For a decade or so Japan’s lost decade has been the great bugaboo of modern macroeconomics. Economists constantly warned that you mustn’t do X or you must do Y, because otherwise we’ll turn into Japan. And policymakers congratulated themselves in advance for not being like their Japanese counterparts, who dithered and drifted, refusing to make hard decisions.
Well, I’m sure I’m not the only person to notice this: Japan doesn’t look so bad these days.
For one thing, the famed sluggishness of Japanese policy — the refusal to face up to banking system losses and pour in the funds needed to recapitalize the system, the refusal to let zombie banks die, the stop-go nature of fiscal policy, with concerns about rising debt warring with concerns about the economy — all of that seems entirely comprehensible now, doesn’t it? Even with the knowledge of what happened to Japan to motivate us, so far we’re following exactly the same path.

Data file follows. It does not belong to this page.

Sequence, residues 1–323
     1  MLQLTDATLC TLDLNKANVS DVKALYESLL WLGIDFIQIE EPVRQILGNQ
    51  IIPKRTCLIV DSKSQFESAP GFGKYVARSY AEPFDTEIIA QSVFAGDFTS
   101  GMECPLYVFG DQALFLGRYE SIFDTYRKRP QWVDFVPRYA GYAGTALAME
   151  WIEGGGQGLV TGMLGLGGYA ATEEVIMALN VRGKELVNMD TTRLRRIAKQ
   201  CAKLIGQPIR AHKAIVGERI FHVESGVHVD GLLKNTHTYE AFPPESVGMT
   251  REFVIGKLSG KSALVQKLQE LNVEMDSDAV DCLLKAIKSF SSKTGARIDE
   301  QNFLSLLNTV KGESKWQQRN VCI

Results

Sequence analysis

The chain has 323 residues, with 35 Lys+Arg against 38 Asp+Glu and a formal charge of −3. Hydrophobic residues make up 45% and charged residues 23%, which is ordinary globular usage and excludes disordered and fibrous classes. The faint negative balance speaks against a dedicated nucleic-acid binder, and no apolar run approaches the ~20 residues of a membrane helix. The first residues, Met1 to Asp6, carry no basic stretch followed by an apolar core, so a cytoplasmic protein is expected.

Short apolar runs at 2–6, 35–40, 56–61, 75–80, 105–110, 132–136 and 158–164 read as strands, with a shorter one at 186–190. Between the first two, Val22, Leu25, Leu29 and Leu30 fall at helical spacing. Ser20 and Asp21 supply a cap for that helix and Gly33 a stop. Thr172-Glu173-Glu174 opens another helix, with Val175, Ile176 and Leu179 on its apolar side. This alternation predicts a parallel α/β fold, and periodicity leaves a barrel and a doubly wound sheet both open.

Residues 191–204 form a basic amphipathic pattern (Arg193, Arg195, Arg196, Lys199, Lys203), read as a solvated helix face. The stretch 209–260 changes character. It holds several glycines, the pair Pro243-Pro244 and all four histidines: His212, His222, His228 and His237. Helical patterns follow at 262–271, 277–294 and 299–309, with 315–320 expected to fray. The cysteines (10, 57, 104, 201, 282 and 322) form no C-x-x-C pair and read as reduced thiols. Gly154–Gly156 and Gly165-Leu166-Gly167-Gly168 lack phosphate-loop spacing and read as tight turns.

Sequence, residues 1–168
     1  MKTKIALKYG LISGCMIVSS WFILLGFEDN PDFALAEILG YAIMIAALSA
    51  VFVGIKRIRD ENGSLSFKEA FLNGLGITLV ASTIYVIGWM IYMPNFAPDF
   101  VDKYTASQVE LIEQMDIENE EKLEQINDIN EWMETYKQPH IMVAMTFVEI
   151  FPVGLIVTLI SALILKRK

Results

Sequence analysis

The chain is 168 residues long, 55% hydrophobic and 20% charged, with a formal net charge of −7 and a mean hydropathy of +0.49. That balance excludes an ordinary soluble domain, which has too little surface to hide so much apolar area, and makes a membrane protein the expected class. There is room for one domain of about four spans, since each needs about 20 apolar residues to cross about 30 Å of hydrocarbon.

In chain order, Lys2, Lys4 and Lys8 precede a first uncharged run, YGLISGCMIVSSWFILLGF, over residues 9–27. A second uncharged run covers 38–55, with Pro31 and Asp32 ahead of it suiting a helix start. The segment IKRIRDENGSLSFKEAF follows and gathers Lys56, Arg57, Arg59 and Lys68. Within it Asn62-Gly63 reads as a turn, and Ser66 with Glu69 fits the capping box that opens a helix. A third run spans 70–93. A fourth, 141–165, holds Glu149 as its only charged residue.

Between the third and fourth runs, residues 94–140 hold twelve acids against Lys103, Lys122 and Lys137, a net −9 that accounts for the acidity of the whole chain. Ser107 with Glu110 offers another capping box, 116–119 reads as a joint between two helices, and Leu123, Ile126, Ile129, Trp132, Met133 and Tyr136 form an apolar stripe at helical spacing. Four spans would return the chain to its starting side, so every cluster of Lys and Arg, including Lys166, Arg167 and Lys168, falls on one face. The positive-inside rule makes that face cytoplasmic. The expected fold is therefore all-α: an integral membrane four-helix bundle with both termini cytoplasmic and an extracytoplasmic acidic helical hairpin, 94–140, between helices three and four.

And given what the next couple of years are likely to look like, Japan’s lost decade — yes, growth was slow, but there wasn’t mass unemployment or mass suffering — is actually starting to look pretty good. We may or may not be about to face our own lost decade, but the sheer misery millions of Americans will face in the near future probably exceeds anything that happened in Japan during the 90s.I still hope we can do better than the Japanese did, but it’s not at all obvious that we will.
I hope so too:)